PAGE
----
Domino’s Pizza missed Wall Street estimates for quarterly same-store sales and profit on Tuesday, hurt by growing competition from third-party delivery services and small pizzerias, sending the pizza chain’s shares down 6 percent.
The company also replaced its three- to five-year forecast with a shorter-term outlook which included lower percentage growth targets than those given previously for the longer period.
It said it now expects same-store sales at its US stores to rise 2 percent to 5 percent and its international segment to grow 1 percent to 4 percent in two to three years, compared with a previous 3 percent to 6 percent growth at either segment over three to five years.
The pizza chain, one of the modern faces of pizza delivery, faces competition from the aggressive promotions and wider range of food offered by aggregators such as Uber Eats, Postmates and GrubHub.
Same-store sales at restaurants open for more than an year in the United States rose 2.4 percent in the quarter, its slowest growth in at least 15 quarters. Analysts had estimated a 2.84 percent rise, according to IBES data from Refinitiv.
The slowdown in the market came despite the company offering half-off on online orders for a week in August and launching a 20 percent off offer for late-night orders in September.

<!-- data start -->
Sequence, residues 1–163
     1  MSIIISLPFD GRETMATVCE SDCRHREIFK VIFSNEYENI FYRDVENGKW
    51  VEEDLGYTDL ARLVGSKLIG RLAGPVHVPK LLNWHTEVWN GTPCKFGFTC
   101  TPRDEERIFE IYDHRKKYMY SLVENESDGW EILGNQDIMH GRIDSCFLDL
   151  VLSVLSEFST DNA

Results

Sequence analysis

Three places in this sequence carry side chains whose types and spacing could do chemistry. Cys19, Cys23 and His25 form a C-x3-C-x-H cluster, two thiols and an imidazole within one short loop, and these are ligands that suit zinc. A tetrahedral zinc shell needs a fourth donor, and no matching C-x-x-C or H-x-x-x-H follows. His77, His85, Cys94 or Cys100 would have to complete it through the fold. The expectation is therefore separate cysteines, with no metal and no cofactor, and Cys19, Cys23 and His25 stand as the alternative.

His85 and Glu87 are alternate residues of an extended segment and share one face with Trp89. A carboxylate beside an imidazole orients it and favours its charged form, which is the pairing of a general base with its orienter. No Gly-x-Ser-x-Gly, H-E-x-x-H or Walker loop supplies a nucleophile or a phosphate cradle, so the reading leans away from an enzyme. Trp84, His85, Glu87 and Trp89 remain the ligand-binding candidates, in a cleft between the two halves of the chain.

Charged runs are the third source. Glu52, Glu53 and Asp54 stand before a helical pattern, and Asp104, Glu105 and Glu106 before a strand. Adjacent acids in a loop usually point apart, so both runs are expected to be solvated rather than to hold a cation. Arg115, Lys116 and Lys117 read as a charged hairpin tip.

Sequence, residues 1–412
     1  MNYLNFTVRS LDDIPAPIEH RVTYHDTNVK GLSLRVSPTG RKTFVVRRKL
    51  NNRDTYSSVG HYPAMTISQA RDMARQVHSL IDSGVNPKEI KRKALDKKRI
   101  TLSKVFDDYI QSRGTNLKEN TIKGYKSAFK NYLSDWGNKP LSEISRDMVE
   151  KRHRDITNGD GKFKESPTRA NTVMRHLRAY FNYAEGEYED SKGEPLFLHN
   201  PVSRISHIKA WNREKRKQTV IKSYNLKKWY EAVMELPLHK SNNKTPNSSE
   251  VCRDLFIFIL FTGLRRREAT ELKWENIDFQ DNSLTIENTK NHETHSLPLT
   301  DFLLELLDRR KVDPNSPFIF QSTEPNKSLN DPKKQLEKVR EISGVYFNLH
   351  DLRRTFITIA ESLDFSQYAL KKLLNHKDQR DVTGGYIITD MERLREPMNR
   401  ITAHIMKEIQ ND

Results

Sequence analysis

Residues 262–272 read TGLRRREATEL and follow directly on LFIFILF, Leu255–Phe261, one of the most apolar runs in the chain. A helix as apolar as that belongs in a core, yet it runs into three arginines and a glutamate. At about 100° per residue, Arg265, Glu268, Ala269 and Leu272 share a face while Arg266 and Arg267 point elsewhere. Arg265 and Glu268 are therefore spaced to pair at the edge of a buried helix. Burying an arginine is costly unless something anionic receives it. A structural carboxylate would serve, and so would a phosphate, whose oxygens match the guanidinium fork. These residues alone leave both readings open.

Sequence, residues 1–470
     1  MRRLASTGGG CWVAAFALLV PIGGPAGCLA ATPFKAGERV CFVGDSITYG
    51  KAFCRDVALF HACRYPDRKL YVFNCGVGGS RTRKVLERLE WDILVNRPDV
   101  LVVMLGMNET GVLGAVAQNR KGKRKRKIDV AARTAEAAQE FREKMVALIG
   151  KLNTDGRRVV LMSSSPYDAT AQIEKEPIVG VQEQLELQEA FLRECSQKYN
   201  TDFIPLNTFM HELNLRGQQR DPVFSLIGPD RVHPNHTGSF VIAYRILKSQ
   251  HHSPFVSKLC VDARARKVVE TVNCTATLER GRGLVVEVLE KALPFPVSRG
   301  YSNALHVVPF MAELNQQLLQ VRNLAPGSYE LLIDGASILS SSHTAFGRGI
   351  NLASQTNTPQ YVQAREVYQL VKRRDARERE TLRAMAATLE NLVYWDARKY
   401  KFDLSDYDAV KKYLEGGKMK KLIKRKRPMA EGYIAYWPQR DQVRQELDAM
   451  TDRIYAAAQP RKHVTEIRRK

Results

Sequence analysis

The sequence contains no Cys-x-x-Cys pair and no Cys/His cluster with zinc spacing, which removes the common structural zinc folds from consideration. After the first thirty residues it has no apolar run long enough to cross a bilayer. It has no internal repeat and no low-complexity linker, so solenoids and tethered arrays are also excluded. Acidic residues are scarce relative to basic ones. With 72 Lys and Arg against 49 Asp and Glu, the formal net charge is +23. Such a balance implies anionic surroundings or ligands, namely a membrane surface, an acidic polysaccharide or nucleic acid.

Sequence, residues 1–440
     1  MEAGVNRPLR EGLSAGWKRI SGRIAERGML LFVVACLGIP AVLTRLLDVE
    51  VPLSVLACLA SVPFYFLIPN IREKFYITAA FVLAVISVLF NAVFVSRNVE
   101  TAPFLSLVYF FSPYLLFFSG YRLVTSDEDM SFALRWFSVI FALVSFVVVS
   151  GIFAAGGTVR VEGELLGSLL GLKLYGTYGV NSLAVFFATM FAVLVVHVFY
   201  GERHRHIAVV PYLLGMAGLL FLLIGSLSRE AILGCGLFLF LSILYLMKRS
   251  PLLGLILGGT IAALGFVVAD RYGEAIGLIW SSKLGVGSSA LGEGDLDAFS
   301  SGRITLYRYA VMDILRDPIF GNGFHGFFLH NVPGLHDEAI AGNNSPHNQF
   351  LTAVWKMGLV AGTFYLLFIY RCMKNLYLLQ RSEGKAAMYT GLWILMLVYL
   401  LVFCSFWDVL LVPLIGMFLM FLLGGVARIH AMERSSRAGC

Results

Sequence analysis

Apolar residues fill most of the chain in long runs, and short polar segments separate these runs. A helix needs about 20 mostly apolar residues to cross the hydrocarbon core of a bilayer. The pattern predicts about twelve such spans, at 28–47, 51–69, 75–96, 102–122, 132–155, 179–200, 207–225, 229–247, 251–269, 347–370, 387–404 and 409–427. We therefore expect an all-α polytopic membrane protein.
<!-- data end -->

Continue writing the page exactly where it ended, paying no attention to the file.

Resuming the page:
Domino’s is also one of the largest chains to stay off third-party delivery apps altogether, as more restaurant chains become heavily dependent on meal-delivery companies to boost sales at the cost of lower profit margins.
Ann Arbor, Michigan-based Domino’s has also been aggressively opening new restaurants in a move it calls “fortressing” to facilitate faster delivery to locations beyond homes and offices, ranging from beaches to bus stops.
Its international business, whose performance has been mixed against market expectations in recent quarters, saw same-store sales grow just 1.7 percent, missing estimates of a 2.86 percent rise.
The company’s net income rose to $86.4 million, or $2.05 per share, in the third quarter ended Sept. 8, from $84.1 million, or $1.95 per share, a year earlier.
Analysts on average had expected a profit of $2.07 per share.
Total revenue rose 4.4 percent to $820.8 million, missing analysts’ estimate of $823.9 million.
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